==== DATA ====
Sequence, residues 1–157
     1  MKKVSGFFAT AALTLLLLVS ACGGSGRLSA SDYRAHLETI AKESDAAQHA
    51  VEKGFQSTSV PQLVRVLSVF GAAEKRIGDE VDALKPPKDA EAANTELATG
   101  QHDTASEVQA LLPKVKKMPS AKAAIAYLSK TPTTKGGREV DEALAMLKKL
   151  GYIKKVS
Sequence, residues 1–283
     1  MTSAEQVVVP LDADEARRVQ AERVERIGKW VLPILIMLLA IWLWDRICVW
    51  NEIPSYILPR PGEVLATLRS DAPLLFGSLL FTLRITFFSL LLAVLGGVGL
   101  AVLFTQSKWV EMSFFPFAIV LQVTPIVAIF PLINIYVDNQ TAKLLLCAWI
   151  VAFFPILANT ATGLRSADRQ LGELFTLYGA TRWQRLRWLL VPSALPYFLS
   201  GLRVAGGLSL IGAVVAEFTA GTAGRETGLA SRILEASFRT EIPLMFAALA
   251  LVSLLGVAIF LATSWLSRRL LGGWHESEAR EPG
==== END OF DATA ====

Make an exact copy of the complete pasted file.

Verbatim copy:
Sequence, residues 1–157
     1  MKKVSGFFAT AALTLLLLVS ACGGSGRLSA SDYRAHLETI AKESDAAQHA
    51  VEKGFQSTSV PQLVRVLSVF GAAEKRIGDE VDALKPPKDA EAANTELATG
   101  QHDTASEVQA LLPKVKKMPS AKAAIAYLSK TPTTKGGREV DEALAMLKKL
   151  GYIKKVS
Sequence, residues 1–283
     1  MTSAEQVVVP LDADEARRVQ AERVERIGKW VLPILIMLLA IWLWDRICVW
    51  NEIPSYILPR PGEVLATLRS DAPLLFGSLL FTLRITFFSL LLAVLGGVGL
   101  AVLFTQSKWV EMSFFPFAIV LQVTPIVAIF PLINIYVDNQ TAKLLLCAWI
   151  VAFFPILANT ATGLRSADRQ LGELFTLYGA TRWQRLRWLL VPSALPYFLS
   201  GLRVAGGLSL IGAVVAEFTA GTAGRETGLA SRILEASFRT EIPLMFAALA
   251  LVSLLGVAIF LATSWLSRRL LGGWHESEAR EPG